Background: This study analyses the development of off-pump coronary artery bypass (OPCAB) surgery training at a single institution, and compares the early and midterm clinical outcomes of OPCAB and conventional coronary artery bypass grafting (CABG) procedures performed by trainees with or without direct consultant cardiothoracic surgeon supervision.
Methods: Analysis was undertaken on data prospectively recorded on a computer database (Patient Analysis and Tracking System). Of the 2,422 CABG operations performed between January 1999 and December 2001, 969 (40%) were carried out by trainees either off pump (422) or on pump (547).
Results: Although the total number of CABG operations performed by trainees remained constant, there was a significant increase in the number of OPCAB operations during the study period compared with conventional CABG, as well as an increase in the average number of grafts per patient in the OPCAB group (both p < 0.05). Furthermore, a significant trend towards using two or more arterial conduits in the OPCAB group was observed in the study period. The number of OPCAB operations performed by trainees as independent operators without direct consultant supervision also increased significantly (p < 0.05). Early and midterm clinical outcomes were similar between patients operated by trainees on pump or off pump as independent operators versus under direct consultant supervision.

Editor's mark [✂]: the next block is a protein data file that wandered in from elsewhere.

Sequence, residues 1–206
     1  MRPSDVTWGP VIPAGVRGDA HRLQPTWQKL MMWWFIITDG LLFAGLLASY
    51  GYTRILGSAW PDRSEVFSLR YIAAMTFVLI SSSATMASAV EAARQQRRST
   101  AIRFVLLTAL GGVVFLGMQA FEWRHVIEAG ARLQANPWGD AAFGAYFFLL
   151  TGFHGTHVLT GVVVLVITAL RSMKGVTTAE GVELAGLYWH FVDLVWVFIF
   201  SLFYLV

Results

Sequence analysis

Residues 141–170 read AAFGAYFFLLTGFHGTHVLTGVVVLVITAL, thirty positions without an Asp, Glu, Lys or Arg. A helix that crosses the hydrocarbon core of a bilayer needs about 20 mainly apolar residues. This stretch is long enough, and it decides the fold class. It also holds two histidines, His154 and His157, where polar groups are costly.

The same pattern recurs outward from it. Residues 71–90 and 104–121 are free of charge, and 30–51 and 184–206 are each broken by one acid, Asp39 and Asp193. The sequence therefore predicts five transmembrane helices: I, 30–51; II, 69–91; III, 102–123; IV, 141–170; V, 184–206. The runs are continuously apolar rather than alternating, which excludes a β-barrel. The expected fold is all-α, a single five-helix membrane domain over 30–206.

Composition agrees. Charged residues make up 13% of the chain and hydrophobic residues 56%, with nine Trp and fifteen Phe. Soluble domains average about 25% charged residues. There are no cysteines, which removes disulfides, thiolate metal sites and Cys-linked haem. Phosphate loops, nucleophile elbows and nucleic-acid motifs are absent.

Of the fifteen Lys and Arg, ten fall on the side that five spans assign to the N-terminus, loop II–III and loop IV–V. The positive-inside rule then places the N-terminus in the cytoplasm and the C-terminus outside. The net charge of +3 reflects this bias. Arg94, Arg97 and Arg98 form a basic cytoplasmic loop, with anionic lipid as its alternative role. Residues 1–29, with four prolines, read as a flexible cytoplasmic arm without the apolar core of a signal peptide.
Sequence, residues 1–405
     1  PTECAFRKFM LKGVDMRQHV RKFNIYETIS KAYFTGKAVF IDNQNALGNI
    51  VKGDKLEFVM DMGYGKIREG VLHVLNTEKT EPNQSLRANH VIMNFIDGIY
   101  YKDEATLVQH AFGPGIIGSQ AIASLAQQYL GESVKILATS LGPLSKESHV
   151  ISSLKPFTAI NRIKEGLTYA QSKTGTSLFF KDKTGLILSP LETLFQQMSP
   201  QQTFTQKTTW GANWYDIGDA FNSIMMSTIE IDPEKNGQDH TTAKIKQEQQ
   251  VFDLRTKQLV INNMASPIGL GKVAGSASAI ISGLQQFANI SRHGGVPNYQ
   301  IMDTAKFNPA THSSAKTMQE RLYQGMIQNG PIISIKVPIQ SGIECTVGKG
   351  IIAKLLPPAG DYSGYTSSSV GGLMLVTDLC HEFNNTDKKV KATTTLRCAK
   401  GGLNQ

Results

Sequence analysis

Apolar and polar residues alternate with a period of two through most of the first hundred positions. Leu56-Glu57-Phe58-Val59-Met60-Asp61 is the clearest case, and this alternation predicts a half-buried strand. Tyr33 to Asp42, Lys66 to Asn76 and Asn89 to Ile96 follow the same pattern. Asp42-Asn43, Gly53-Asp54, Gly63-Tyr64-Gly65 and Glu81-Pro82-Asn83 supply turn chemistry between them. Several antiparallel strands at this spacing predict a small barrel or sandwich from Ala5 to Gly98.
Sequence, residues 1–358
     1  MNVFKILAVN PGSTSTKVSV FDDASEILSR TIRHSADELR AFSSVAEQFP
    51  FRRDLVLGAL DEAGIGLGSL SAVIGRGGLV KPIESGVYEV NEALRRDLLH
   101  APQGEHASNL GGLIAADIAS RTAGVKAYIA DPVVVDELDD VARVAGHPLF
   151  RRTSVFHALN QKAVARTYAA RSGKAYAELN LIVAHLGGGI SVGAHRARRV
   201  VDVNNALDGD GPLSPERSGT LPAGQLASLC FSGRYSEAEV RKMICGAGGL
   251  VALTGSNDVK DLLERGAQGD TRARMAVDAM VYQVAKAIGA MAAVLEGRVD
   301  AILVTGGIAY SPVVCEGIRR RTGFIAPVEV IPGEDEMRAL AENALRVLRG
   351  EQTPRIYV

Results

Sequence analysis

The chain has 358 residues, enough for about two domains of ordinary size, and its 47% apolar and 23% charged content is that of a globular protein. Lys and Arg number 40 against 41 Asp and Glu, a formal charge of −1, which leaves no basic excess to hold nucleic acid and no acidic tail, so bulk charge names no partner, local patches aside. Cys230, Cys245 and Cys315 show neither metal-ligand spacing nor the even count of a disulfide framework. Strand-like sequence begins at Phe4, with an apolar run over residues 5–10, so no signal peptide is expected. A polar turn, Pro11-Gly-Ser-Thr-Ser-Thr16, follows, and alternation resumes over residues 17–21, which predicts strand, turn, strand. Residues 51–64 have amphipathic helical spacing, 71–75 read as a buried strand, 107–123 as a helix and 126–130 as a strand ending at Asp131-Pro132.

Conclusions: The significant increase in OPCAB operations performed by trainees as independent operators or under direct consultant supervision, as well as the increase in the number of grafts per patient and arterial conduits used for myocardial revascularization, demonstrate a progression of training in beating heart surgery for cardiothoracic trainees. Improvements in the techniques have made it safe to teach trainees off-pump multivessel coronary artery revascularization.